A Vast, Darkly Colorful Collection of Short Piano Pieces From Nathalia Milstein
Pianist Nathalia Milstein’s latest album Visions Fugitives – streaming at Spotify – is aptly titled. It’s classical music as entertainment, a picturesque collection of short and often undeservedly obscure pieces by iconic composers.
But there’s a lot of detail in these small packages, and Milstein’s joy in unpacking them is visceral. In Bartok’s Out of Doors suite, she brings a gritty, punchy wit to the fife and drum interlude, a steady, rolling calm to the barcarolle, and insistent surrealism to the “musette,” a deliciously acerbic. chiming number that isn’t a musette at all. The Night’s Music is as full of ghostly moths and goofy poltergeists as anyone could wish for, setting up the cruelly challenging pointillisms of the chase scene, which Milstein handles with a stunning, steady resilience.
There are a grand total of 39 pieces here, far too many to enumerate. Milstein parses the album’s central suite of Prokofiev miniatures with lingering phantasmagorical restraint but also peek-a-boo humor, meticulously charging Romanticism and, forty-one seconds into the “ridicolosamente” moment, we get an iconic circus riff. There’s icy menace to rival Satie: Milstein deserves immense credit for recording this.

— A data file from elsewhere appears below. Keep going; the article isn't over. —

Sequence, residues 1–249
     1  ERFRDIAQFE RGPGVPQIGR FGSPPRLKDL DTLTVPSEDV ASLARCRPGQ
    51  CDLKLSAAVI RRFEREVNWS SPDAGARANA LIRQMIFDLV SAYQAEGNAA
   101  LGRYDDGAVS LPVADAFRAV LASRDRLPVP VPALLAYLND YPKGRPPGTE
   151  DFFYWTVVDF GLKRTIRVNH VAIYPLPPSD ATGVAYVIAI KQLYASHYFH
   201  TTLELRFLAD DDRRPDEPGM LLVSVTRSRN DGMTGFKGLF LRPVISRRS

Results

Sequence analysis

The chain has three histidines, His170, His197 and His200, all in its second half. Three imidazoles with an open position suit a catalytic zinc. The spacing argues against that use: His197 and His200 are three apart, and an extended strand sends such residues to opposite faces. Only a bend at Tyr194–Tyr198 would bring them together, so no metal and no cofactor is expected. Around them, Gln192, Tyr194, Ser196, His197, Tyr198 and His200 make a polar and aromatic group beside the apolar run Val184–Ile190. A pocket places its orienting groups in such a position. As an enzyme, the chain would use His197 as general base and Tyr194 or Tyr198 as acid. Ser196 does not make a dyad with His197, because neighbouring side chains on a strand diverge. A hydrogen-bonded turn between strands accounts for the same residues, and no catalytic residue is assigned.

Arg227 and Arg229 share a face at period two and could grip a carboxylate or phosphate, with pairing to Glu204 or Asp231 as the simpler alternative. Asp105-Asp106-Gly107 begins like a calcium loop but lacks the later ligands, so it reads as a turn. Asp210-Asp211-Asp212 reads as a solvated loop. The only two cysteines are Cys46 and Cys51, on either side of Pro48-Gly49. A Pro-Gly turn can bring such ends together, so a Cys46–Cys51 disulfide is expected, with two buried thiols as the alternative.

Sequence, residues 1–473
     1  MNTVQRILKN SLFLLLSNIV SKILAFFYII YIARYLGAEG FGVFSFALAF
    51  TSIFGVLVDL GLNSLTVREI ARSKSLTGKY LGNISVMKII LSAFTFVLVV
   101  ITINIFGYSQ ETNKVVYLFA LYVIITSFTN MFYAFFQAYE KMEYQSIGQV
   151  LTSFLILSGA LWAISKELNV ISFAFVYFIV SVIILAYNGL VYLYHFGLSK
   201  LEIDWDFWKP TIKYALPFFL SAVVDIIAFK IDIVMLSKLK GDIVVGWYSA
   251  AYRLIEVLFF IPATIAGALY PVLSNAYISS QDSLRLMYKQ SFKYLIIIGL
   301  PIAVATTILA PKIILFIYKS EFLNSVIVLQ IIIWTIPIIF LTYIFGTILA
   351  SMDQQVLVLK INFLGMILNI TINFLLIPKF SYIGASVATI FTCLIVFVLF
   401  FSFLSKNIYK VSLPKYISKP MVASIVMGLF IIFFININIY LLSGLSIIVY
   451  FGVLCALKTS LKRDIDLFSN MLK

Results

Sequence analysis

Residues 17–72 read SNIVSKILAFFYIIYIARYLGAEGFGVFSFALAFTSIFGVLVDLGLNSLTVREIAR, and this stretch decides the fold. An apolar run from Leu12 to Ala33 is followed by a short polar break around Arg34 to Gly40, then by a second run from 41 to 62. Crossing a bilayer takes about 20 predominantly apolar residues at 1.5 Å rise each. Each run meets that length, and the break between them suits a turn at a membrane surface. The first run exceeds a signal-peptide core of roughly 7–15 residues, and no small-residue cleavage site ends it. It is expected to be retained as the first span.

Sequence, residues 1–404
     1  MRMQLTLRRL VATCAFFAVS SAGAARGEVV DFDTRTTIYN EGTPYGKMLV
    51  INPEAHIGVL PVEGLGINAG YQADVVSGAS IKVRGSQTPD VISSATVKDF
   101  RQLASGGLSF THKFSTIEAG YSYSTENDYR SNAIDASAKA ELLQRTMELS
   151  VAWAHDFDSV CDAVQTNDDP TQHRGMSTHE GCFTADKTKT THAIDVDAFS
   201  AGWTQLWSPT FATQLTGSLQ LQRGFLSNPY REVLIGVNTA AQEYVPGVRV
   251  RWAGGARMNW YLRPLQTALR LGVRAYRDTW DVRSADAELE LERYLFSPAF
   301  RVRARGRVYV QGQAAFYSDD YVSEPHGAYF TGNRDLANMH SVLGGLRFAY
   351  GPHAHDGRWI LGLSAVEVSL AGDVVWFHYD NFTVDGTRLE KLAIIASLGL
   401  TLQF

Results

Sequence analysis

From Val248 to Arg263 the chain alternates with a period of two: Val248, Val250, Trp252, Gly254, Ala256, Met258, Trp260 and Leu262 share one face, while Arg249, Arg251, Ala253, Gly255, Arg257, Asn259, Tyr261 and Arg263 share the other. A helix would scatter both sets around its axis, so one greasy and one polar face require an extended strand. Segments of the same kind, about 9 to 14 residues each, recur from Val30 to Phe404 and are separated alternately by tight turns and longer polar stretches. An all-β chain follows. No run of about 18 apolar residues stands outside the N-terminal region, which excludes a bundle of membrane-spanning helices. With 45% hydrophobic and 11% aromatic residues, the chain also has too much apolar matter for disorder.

She brings a merciless irreverence to the tempo of Liszt’s Valse Oubliee No. 1, then puckishly attacks the bounding riffage and feathery staccato of No. 2. Her take of Chopin’s Mazurka, Op. 63 is rollicking, and playful, but just as sobering in the quiet moments.
The rarest works here are by Valery Arzoumanov. Highlights include an etude-like series of rapid spirals; a fleetingly chromatic “valsette;” Temple Invisible, a mystical, Near Eastern-flavored tableau; and a twisted, marionettish march.